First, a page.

That merger was in the 60s, ’66 to be exact, and culminated in ’70 with a joint schedule between the Raiders and the National Football League and all teams in the American Football League, and teams in the National Football League. But something that has stuck with me that I’ll never forget, just recently, I came across a picture, that in 1968, Pete Rozelle, who was named commissioner of both leagues, I had come back to be the owner of the Raiders, he named a committee to do all the scheduling and all the realignment and all the methods of competition, player rosters and numerous things, a joint committee of both leagues, and I have a picture of that joint committee, and they were some of the greatest people who have ever lived, who ever put the hats on, that were coaches, or general mangers in professional football.
From the Green Bay Packers, the representative was Vince Lombardi. From the Cincinnati Bengals the representative was Paul Brown. And then the great Tex Schramm of the Dallas Cowboys, and then myself, Al Davis, comprised that committee. Unfortunately, three of them are gone now, passed on, but the time still holds in my hand my love for those people, even though we were strong rivals, strong enemies from time to time.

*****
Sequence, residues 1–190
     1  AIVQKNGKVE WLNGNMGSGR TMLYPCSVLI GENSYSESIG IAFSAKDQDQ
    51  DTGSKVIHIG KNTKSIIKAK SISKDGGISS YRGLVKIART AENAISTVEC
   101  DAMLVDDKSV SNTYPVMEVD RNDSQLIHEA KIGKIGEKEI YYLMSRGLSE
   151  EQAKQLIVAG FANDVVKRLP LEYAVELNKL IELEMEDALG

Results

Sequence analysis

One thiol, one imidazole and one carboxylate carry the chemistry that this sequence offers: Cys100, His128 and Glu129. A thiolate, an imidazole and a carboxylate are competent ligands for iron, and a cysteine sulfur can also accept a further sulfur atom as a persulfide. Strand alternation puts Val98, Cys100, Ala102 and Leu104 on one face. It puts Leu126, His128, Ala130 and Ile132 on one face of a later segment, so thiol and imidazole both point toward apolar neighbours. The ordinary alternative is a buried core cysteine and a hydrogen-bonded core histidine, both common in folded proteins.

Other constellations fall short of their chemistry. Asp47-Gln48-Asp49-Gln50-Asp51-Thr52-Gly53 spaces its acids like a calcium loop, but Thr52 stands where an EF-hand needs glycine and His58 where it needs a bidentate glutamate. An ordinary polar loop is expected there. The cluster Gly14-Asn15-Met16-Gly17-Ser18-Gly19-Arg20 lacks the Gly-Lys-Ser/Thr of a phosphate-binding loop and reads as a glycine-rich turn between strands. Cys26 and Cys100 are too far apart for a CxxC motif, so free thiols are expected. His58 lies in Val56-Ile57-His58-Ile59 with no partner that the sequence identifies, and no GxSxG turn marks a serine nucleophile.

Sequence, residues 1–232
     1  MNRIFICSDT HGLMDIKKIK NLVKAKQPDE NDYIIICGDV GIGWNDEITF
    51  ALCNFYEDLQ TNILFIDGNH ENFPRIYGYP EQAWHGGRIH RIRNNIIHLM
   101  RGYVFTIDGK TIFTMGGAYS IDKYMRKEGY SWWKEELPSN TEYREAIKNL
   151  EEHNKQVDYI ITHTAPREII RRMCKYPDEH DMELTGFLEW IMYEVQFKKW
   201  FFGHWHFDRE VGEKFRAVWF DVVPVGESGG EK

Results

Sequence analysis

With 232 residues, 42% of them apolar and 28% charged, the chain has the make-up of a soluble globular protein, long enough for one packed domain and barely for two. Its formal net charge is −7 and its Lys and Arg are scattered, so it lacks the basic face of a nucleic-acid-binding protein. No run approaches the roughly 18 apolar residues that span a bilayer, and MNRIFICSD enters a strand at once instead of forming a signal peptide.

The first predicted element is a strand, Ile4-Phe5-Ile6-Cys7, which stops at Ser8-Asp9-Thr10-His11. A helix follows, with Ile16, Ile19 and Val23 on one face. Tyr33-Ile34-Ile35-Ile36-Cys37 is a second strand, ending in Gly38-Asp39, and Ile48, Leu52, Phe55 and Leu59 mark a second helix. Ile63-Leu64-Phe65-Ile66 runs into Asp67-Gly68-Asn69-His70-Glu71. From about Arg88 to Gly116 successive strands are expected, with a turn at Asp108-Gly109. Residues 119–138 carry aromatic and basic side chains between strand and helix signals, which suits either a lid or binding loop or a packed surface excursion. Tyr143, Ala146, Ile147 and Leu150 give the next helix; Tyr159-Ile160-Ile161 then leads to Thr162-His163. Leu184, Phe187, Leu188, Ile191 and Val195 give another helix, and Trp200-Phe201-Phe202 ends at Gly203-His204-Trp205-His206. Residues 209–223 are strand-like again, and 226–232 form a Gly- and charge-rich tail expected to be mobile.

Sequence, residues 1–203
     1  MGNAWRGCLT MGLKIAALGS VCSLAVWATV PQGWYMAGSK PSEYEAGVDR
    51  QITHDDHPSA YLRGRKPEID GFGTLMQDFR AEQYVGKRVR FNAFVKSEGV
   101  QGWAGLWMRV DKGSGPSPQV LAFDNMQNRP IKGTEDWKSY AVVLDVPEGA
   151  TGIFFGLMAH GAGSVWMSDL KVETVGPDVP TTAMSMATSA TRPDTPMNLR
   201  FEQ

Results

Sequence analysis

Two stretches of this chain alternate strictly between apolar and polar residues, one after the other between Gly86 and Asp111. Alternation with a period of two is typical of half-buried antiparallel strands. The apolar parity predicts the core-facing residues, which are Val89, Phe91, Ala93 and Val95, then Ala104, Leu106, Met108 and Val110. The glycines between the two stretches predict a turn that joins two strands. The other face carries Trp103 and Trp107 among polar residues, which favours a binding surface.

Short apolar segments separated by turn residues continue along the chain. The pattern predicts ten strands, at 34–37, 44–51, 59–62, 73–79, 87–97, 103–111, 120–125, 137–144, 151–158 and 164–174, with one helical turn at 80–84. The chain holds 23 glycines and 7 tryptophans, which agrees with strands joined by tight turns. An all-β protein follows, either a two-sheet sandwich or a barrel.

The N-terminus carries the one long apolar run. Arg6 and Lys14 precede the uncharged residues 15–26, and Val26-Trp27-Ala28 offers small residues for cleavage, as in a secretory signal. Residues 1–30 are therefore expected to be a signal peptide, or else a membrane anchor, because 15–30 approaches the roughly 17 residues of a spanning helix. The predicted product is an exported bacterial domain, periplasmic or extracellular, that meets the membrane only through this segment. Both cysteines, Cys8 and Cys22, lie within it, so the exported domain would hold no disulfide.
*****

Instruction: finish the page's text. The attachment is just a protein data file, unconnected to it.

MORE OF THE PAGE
Our respect goes out to them because they really, they really were the game, they helped make this game, the great game, and we can never lose sight of that Gil. You and I both know about the great players who came before us, who we watched, who we idolized, we go back to the Hall of Fame regularly in Canton, to honor them, and to take our place with them. But one thing we can never forget _ those who came before us. And we hope in the CBA, that we can make amends and help those people who need it most.
Q: The Raiders have been in five Super Bowls with four different quarterbacks and four different head coaches, how have you kept the organization so successful for so long with such change at key positions and where does this team rate?